Wednesday, February 03, 2010

We're just leaches

I've always loved giving the guys from Dow Corning [1] a hard time about their prices because of an apparent contradiction. Silicon is the second most common element in the earth's crust - look at any beach and you can can grab piles of it in its oxided forms. Compare that with carbon -15th on the list, almost 600 times rarer even more so if you consider that the largest source of carbon for industrial chemical reactions is from petroleum, not coal or natural gas.

So why are silicones so dang expensive? Especially compared to oil-based products that require huge investments in exploration, drilling and refining. This has question has nagged me for nearly 20 years, the Dow Corning reps have never had a good answer [1, again], nor has anyone else.

I think I stumbled on the answer last week through a long twisted train of thought [2]. Compared to the amount of petroleum that is turned into gasoline, the amount that is turned into chemicals is quite small. Much of it is impurities that would ruin gasoline. For example, anything with a double bond is trouble (which is why gas has a short shelf life) but that trouble is a great starting point for making polymers or anything else of interest.

So organic chemistry is basically just a leach on the world's petroleum business, and as a result, we (organic chemists) have cheap access to a supply that would otherwise be terribly expensive. Without internal combustion engines, the Aldrich catalog would be pretty small. The silicone industry on the other hand, despite having a cheap feedstock, has to process it all without the benefit of a huge non-chemical demand such as automobile fuel. If cars could run on a silicone fuel, things would be different.

[1] This is not to pick on Dow Corning or portray them in a bad light. It's industry wide. Other silicone polymer manufacturers could easily be inserted in here instead. It's just that I've had more contact with DC than the others.

[2] I was listening to Fresh Air Radio [3]and heard an ad for a local coffee supply company (sorry, can't plug the name as I don't remember it - I never learned to drink coffee so the company's name is pretty useless information to me) that delivers fair-trade coffee via bicycles. I'm sure the company thinks that they are saving the planet by not using a car or truck for delivery, but it also occurred to me that the only reason that they can use bicycles is because cars exists. Without all the cars in existence, we would not have all the roads that the bicycles ride on, the rubber for the tires or inner tubes or brake pads or lubricants or... (We actually would have them, but they would be terribly expensive.) But the end result is still the same - the bicycle delivery system is basically an option only because another larger option (cars) exists.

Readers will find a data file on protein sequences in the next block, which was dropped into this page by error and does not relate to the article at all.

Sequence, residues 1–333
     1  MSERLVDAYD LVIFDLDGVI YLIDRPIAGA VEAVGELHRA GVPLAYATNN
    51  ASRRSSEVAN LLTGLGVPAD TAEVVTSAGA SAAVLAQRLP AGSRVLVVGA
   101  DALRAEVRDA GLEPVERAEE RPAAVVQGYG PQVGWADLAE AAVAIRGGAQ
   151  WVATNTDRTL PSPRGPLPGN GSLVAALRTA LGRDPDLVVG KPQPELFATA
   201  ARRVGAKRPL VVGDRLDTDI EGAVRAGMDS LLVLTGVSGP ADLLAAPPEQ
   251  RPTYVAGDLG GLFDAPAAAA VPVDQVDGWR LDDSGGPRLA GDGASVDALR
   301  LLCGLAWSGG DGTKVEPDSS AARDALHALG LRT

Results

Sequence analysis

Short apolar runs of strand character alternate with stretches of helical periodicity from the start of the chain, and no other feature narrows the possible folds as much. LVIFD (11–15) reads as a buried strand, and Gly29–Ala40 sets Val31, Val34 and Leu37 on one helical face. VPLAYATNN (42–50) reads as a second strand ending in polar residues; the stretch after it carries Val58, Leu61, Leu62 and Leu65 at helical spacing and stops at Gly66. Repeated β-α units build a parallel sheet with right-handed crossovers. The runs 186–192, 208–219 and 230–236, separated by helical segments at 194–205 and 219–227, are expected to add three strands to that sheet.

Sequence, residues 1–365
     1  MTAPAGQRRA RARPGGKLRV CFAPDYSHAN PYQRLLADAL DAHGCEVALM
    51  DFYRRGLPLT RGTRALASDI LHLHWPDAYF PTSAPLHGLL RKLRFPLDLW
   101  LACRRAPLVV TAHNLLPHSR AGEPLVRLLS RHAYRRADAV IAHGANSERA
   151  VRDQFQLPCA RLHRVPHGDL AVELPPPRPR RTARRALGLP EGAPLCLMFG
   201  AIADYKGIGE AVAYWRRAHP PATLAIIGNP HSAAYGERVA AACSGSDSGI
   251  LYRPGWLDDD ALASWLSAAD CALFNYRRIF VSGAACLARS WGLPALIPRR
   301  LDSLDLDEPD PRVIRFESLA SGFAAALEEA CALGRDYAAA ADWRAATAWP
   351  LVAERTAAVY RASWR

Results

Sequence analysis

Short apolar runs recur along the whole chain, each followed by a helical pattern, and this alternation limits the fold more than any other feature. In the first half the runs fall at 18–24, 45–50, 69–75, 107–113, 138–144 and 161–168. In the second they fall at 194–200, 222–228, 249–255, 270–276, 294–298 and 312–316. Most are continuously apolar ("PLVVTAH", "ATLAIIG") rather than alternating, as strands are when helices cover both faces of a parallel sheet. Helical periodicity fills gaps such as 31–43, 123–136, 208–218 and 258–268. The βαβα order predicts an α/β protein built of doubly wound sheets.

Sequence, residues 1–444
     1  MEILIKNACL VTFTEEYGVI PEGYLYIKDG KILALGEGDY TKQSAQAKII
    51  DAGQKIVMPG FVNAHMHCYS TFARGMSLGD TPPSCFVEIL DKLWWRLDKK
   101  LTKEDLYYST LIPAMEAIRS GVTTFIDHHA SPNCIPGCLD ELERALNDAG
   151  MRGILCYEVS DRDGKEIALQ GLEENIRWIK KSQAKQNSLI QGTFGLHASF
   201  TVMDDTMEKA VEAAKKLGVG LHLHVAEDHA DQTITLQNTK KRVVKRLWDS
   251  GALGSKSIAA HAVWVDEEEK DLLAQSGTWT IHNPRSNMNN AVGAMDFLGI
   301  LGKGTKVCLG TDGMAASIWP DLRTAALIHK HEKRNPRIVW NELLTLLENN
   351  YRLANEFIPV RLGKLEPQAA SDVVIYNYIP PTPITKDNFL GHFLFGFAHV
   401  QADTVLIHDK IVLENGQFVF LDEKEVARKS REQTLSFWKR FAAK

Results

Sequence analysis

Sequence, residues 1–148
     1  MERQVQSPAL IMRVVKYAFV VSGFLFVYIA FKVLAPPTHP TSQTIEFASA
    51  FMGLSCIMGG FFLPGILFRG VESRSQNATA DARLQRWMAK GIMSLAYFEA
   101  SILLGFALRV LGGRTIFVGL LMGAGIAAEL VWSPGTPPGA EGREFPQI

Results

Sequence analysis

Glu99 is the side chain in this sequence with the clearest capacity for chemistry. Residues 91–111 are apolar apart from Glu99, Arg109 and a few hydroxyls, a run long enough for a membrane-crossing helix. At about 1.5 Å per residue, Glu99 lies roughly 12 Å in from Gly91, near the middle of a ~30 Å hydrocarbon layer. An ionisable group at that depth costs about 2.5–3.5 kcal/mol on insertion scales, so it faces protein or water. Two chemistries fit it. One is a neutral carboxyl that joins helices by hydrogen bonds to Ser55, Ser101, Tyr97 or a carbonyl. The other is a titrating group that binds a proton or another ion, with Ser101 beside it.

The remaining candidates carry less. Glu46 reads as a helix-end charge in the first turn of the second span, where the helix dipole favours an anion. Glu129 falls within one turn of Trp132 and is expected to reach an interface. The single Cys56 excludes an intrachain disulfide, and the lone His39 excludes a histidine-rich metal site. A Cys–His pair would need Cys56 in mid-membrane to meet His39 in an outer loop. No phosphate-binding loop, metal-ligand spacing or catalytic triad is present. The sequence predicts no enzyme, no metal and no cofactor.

[3] I listen to the station for 2 reasons - 1) they play a great mix of blues and jazz in the afternoons while I am driving home and 2) they run "Democracy Now!" with Amy Goodman[4].

[4] CAUTION!! Only attempt this next procedure if you have a very strong tolerance for holding simultaneous contractions contradictions in your head at the same time. And I am talking about something far more puzzling than the particle-wave duality of light. CAUTION!! You have been warned.

This works best on a day where there is a major news story that everyone is talking about. Recent examples would be the Haiti earthquake or the State of the Union address. Put on Amy Goodman for a few minutes. Then switch it to Rush Limbaugh. Then go back to Amy. Then back to Rush. Repeat until you cannot take it anymore and then wonder how these two people can be contemporaries on the same planet.


Dan said...

My guess in footnote [4] is that you meant contradictions, rather than contractions... unless the implication is that Amy uses I'd for "I had" while Rush uses I'd for "I would"

John said...

Thanks for the catch. I've corrected the situation (and wonder if I'm going to start listening to what contractions both Amy and Rush use).